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;; # Maria for Experts
;; This is a short tour of abstractions we've made in the process of building Maria, which are also available while using the system. It is meant for people with experience using functional programming languages who already know how to evaluate forms in Maria. If you're a beginner to Maria or to programming in general, I recommend starting [here](
;; (For the impatient, Command-Enter — Control-Enter on a PC — within a code block with evaluate the code before the cursor.)
;; ## Notebook interface
;; In the notebook tradition exemplified by iPython Notebooks, one has a mix of prose and code with the ability to visualize the results of evaluating a particular piece of code.
;; For example, `jujub-bird` evaluates to a new var containing the value `15`.
(def jujub-bird 15)
;; While `squared` evaluates to a function that returns the square of the number it receives.
(defn squared [x]
(* x x))
;; And, finally, we can see the effect of applying the `squared` function to `jujub-bird`.
(squared jujub-bird)
;; One problem with this approach is that changes made to earlier definitions do not effect future references automatically. So, for example, changing `jujub-bird` will not result in re-computation of `(squared jujub-bird)`.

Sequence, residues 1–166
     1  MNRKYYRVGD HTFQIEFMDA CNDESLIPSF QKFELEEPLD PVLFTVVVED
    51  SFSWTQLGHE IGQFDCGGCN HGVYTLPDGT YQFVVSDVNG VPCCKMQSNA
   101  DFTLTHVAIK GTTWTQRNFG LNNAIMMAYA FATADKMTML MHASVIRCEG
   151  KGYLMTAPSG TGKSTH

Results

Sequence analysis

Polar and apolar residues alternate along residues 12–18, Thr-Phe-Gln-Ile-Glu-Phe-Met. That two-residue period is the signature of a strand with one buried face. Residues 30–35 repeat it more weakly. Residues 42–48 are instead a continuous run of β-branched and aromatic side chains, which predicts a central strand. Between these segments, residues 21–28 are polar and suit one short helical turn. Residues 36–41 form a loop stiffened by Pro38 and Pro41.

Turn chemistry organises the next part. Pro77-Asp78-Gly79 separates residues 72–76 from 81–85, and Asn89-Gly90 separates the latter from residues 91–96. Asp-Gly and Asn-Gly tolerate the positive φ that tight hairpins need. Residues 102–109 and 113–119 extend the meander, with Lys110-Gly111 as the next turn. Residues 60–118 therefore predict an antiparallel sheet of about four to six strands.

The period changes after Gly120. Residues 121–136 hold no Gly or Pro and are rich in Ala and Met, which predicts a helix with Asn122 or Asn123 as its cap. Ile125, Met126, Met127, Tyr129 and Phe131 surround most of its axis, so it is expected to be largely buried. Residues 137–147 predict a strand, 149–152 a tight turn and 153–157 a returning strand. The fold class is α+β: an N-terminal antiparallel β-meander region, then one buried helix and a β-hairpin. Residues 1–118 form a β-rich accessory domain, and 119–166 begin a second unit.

;; This can lead to strange inconsistencies between the visible output at a particular moment and the actual meaning of the code.
;; ## Dataflow notebook
;; One way to work around this situation is to use a dataflow paradigm, similar to a spreadsheet, to propagate changes through the notebook based on declared dependencies between code blocks.
;; We call the mechanism we use for this purpose a "cell", after the concept of a spreadsheet cell.
;; In this case, any change to `slithy` will cause `toves` to be re-calculated, which will -- assuming these three blocks have been evaluated once in the past -- result in a circle of the correct size being drawn.
(defcell slithy 4)
(defcell toves (squared @slithy))
(cell (circle @toves))
;; We use `defcell` for named cells, `cell` for anonymous cells, and the `@` sigil to declare references to previously defined cells. This last convention is borrowed from the syntax for clojure `atom`s, whose semantics our cells largely share.
;; Note that we use explicit declaration of cells and dependencies rather than automatically calculating dependencies over all variable references so the programmer has control over the evaluation strategy they prefer in a given situation.
;; ## Temporal Recursion (Sorensen, 2005)
;; We also provide a mechanism for temporal recursion using `interval`. This is similar to Javascript's `setInterval` with the key difference that each invocation of the function will be passed the result of the previous invocation. This can be viewed as a higher order function that converts the function passed to it into an infinite recursive function that's performed at a fixed interval.
;; So, for example, one can create an infinite stream of integers -- i.e. a counter -- that updates every half second by passing `inc` to `interval`:
(defcell counter (interval 500 inc))
;; Here we generate an infinite sequence of random color names at a 250ms interval:
(defcell a-color (interval 250 #(rand-nth (keys (into {} color-names)))))